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He came back as part of a gold medal-winning crew.
Racing in an eight with the Marin of California club, the Dunstan Arm rower won the masters 40-50 grade in the men's eight at the Head of the Charles (HOTC) regatta in the United States.
An annual regatta, the HOTC attracts 12,000 rowers from around the world.
Over the two days it attracts up to 350,000 spectators along the banks of the Charles River, which runs through Boston.
Smith - who linked with the Marin crew via an old friend - raced against several crews laden with former international rowers.
That included those from Great Britain, Canada, the US, South America and China.
The club had not entered the 40-50 grade before and began as the 18th seed.
That meant it was one of the last boats to begin the 4.8km race. A boat leaves every 10 seconds, and time determines theplacings.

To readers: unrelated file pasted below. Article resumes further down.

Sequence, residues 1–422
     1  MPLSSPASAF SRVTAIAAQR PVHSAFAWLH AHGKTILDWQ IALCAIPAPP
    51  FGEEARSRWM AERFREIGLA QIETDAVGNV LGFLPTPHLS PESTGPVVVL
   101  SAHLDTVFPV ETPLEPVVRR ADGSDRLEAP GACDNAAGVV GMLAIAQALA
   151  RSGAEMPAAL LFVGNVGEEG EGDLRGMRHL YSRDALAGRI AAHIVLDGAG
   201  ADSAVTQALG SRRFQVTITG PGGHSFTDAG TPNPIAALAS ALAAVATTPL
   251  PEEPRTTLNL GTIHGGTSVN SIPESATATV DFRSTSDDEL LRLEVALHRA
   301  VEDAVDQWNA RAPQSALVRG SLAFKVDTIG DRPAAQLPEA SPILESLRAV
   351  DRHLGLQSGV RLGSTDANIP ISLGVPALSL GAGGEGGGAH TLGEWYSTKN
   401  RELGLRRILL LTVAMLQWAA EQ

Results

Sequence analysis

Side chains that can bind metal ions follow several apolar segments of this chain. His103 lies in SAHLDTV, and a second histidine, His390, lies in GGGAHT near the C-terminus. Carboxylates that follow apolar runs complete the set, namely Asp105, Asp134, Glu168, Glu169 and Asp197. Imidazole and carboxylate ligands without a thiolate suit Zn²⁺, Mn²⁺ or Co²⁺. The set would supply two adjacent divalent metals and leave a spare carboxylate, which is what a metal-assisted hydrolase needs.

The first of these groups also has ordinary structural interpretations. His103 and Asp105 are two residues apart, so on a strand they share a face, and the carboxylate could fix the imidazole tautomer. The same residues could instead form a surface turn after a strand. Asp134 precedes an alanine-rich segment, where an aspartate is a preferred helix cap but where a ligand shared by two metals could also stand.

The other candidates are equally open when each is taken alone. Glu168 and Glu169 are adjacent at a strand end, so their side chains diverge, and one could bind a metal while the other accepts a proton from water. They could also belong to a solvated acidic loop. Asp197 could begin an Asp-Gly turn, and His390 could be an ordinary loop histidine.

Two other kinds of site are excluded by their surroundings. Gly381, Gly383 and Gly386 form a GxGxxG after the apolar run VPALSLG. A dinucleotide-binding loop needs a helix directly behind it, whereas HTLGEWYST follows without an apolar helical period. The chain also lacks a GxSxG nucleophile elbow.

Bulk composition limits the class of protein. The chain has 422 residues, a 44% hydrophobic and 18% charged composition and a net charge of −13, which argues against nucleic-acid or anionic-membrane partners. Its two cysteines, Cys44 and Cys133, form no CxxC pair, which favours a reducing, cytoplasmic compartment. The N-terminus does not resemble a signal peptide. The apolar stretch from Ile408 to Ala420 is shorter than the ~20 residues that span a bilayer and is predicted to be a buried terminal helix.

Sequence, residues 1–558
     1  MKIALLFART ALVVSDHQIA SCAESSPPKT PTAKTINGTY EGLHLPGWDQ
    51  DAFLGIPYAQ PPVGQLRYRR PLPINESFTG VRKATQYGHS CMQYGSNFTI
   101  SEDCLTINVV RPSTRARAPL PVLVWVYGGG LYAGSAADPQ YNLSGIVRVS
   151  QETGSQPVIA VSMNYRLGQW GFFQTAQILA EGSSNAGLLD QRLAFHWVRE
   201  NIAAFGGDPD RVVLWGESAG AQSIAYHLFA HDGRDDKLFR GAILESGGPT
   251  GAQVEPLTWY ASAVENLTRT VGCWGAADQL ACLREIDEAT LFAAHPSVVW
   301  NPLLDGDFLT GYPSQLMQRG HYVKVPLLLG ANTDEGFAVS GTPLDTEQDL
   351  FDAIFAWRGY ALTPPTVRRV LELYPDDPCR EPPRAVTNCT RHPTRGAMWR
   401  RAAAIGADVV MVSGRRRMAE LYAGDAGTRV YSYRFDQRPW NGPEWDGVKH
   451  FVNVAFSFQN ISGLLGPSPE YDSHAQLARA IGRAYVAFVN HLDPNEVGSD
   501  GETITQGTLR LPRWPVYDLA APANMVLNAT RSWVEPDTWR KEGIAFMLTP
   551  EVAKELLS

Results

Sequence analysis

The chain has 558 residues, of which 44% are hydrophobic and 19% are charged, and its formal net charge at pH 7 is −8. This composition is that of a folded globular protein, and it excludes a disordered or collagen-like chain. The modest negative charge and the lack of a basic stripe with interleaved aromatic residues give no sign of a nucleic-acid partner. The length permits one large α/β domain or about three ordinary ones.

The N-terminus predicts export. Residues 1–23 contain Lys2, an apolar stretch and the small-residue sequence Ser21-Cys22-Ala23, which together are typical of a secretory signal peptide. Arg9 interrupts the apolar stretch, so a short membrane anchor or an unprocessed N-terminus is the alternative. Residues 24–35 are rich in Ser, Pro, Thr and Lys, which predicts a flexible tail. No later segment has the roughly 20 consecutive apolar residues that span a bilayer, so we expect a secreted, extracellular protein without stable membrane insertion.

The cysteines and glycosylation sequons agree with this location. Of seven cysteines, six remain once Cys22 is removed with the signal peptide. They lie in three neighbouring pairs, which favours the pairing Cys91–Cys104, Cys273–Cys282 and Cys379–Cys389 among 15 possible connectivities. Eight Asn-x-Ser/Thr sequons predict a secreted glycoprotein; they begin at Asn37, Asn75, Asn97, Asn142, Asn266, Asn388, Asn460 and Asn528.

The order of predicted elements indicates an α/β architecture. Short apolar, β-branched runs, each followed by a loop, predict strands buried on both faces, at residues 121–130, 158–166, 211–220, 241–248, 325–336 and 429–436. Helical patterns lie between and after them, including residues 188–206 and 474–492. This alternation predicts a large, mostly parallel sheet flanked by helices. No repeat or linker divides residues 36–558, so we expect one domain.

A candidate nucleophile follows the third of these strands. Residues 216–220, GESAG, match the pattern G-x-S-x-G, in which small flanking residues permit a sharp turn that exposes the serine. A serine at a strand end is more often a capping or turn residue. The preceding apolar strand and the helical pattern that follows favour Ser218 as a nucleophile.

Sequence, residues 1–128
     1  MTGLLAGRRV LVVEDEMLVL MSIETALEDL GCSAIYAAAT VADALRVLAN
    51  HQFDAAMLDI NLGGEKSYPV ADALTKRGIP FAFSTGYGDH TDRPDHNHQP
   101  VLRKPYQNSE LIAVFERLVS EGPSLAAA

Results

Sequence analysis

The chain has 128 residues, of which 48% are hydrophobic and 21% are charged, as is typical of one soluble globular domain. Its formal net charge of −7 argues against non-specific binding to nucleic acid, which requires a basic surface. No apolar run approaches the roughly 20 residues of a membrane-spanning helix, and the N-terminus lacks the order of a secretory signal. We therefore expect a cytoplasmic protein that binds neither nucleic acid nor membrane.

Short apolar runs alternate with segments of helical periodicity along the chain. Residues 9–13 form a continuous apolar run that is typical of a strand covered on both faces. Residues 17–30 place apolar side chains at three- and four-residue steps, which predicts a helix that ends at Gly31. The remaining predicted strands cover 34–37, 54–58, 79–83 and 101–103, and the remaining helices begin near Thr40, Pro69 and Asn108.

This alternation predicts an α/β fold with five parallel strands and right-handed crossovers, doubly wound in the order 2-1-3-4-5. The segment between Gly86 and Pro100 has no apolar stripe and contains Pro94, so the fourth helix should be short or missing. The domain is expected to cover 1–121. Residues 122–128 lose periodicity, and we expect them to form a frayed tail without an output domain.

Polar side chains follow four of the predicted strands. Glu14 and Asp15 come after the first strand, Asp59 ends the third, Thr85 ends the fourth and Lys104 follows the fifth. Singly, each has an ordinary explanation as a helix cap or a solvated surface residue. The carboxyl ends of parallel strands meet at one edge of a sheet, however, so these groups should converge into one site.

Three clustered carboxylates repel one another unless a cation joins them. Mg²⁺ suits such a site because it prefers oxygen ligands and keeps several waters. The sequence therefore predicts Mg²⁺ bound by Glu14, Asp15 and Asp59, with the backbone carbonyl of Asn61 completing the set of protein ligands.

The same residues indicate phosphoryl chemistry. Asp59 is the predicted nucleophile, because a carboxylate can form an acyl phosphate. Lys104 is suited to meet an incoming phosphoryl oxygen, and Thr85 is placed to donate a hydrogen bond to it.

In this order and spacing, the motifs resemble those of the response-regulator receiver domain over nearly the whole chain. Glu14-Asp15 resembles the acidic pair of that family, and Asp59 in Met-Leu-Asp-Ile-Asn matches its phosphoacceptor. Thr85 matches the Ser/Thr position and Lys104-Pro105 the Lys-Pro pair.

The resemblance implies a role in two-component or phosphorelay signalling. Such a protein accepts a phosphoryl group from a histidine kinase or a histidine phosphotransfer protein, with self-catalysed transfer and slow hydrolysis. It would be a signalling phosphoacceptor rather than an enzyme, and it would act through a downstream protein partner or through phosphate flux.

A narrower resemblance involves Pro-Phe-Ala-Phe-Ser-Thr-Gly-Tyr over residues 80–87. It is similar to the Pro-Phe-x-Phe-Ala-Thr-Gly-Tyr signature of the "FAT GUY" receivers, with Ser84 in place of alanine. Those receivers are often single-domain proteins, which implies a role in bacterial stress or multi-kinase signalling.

However, his crew slowly picked off those ahead of them and finished 4.8 seconds ahead of the next crew.
It was a result which he said rated up there with his best achievements.
''It's one of the biggest things I've ever done in rowing,'' Smith said.
''I'm really stoked, it was awesome to be part of the crew.
''We just had an amazing row.
''Our cox, we had a world class cox who coxed an amazing course.
''He shaved about 150m off the distance, it's quite a windy course so your driving and steering is huge.
''It was unexpected to win it, but we knew we'd be competitive.
''The only crews that show up in the big eights, they're all international class crews.''
While he had done plenty of rowing before, Smith said the scale of this regatta had been massive.
''The crowds over the last mile are just deafening, people on the bank yelling.
''I've never experienced anything like it.
''It's quite overwhelming, but it also made you go really hard, you've got so many people yelling for you and you've got boats around you.''
Now back in New Zealand, Smith was preparing for another summer of rowing, alongside continuing to coach the Dunstan Arm and Dunstan High School crews.